Fail of the day: theologians and the economy

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My generation coined a great phrase: the “epic fail.” Though it is not intellectual enough, I can think of no better way to put a theological affirmation by NC Triangle-area theologians relating to recent economic trends; link to statement here – link to Christian Century story here.

This won’t be an exhaustive examination of the statement, but just a run down of what annoys me the most.  There is a particular focus on what they see as “unbiblical” usury practices.  Is America now Israel?  I can see how the norms of Mosaic law *may* be important for contemporary Christians and Jews, but do they really think Bank of America is going to care about the year of Jubilee?

Most interestingly, the statement wastes a lot of ink telling us that usury is condemned left, right, and sideways in the Bible, and then go on to say it should only be limited to 10 percent! If usury is an affront to God, why allow it at all?  Of course, the same logic says “abortion is horrible, but a million a year is acceptable.”  (To be precise, it is 45 million legal abortions since 1973)

I had classes with several of the signatories.  I only bring this up because the writing in this statement is so basic, so insufferably banal that I shutter to think what grade it would have garnered in one of their seminars.  Here’s an example:

To get out of the current mess, we will need an economic reform which acknowledges our mutual dependence and obligations and turns aside from the way of selfish individualism and competition for status and conspicuous wealth. What kind of an economic recovery leaves giant banks standing while the average worker’s life gets harder and harder? It is not an economic recovery when billions can bail out executive jobs but nothing can bail out the rest of the jobs. There is not justice when everyone’s tax dollars can pay off banks’ bad debts, but the average taxpaying citizens are left on their own to drown in their debts. Debt relief for millionaires and homelessness for working people—that’s not the kind of economy we believe in.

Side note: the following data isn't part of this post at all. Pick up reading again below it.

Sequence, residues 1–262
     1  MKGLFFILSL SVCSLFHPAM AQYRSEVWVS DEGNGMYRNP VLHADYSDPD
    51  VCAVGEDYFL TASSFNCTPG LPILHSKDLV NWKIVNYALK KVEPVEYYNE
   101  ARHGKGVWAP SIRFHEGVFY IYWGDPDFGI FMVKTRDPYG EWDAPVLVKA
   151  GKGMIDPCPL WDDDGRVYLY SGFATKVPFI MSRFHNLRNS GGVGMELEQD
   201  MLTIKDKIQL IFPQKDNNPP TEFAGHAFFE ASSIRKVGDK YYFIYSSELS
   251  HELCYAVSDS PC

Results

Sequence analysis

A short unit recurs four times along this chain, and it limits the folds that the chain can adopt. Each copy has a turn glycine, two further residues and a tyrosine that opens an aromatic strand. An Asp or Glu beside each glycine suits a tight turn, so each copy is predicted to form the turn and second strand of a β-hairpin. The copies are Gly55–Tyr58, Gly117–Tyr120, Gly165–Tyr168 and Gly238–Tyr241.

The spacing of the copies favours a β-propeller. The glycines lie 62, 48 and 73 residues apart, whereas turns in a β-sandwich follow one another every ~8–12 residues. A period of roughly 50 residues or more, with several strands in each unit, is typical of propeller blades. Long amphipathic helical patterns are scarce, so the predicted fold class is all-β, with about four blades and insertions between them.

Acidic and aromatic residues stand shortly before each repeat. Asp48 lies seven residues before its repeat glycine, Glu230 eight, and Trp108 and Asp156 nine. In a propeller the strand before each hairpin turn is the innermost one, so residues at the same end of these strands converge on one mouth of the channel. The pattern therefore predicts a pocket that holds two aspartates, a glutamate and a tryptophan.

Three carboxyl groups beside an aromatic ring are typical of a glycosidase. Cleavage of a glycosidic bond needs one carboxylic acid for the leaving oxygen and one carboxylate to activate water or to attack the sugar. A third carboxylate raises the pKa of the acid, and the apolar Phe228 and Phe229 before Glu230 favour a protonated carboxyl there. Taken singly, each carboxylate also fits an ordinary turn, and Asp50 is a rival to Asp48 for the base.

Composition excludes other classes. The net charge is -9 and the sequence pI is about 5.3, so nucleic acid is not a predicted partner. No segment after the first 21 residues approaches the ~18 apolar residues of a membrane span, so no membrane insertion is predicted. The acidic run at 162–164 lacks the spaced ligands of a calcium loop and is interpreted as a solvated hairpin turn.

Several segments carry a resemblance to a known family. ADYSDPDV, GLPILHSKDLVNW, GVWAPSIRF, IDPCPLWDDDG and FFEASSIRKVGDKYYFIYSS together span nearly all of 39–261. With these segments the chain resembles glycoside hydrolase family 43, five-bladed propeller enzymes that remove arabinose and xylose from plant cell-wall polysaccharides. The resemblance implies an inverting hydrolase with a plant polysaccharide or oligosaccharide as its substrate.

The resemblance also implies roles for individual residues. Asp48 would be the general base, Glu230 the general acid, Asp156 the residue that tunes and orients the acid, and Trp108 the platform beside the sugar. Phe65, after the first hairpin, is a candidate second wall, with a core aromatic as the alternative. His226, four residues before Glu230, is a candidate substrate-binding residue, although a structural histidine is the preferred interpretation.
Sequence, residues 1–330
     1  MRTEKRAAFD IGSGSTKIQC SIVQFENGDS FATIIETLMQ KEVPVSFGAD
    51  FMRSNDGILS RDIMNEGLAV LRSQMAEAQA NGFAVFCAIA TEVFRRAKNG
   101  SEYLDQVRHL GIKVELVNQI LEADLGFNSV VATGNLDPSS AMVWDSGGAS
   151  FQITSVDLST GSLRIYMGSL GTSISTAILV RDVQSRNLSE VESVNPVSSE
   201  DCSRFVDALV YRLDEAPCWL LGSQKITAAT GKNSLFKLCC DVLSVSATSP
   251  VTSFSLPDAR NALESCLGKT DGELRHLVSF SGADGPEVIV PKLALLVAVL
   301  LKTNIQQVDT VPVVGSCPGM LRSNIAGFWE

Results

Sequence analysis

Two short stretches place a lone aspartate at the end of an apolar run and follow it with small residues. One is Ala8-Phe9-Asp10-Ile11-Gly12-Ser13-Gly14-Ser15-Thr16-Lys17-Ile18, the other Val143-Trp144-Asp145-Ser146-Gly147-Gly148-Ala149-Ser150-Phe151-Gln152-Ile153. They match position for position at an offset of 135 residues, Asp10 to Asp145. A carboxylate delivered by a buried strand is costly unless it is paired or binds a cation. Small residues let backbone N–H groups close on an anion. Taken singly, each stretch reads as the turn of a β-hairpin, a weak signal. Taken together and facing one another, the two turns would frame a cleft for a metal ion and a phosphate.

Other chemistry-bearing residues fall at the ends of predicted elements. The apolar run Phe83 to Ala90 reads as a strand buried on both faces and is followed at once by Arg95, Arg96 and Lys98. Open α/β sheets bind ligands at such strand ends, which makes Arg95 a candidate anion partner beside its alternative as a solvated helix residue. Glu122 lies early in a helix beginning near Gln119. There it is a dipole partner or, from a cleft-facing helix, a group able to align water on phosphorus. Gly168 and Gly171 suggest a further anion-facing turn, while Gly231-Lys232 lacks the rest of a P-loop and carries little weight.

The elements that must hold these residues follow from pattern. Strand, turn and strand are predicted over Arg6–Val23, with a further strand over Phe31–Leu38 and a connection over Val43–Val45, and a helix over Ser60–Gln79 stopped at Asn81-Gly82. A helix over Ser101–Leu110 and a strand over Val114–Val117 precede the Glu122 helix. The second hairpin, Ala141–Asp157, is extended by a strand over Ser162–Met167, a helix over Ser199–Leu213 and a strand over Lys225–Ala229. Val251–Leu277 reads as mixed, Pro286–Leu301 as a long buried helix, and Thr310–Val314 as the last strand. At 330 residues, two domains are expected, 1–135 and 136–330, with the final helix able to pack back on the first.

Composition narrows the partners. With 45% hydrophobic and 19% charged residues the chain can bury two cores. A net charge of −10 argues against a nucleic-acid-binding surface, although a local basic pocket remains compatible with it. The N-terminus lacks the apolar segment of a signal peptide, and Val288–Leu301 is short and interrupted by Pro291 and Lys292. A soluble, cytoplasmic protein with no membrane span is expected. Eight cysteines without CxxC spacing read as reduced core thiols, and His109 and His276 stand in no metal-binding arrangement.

Ugh.  This is the result of dozens of of PHDs working together? Not encouraging.  Bad writing; bad economics; bad theology.

Further questions: What do professional theologians know about the “average worker” (if there is such a thing)?  How much debt are the students at their respective seminaries going to incur getting their education??

Oh, and economic justice?  Whose justice?

As economist Thomas Sowell writes,


One of the few subjects on which we all seem to agree is the need for justice.  But our agreement is only seeming because we mean such different things by the same word.  Whatever moral principle each of us believes in, we call justice.  This is especially so today, when so many advocate what they call “social justice” [or “economic justice”]  – often with great passion, but with no definition. (The Quest for Cosmic Justice, p. 3)

Jesus also told us that the poor will always be with us.  Some no doubt due to systemic injustices; some to misfortune; some to prodigality and/or laziness.  Yes, some interest rates are remarkably high.  But no one forces you to take out a loan.  I’ve torn up many credit cards over the years, especially during college.  Yes, Christians should be concerned for the poor.  Is the best way to do this picketing huge multinational banks? Doubtful.  Should theologians be writing our economic policies?

Perhaps – but not until Christ returns in glory.

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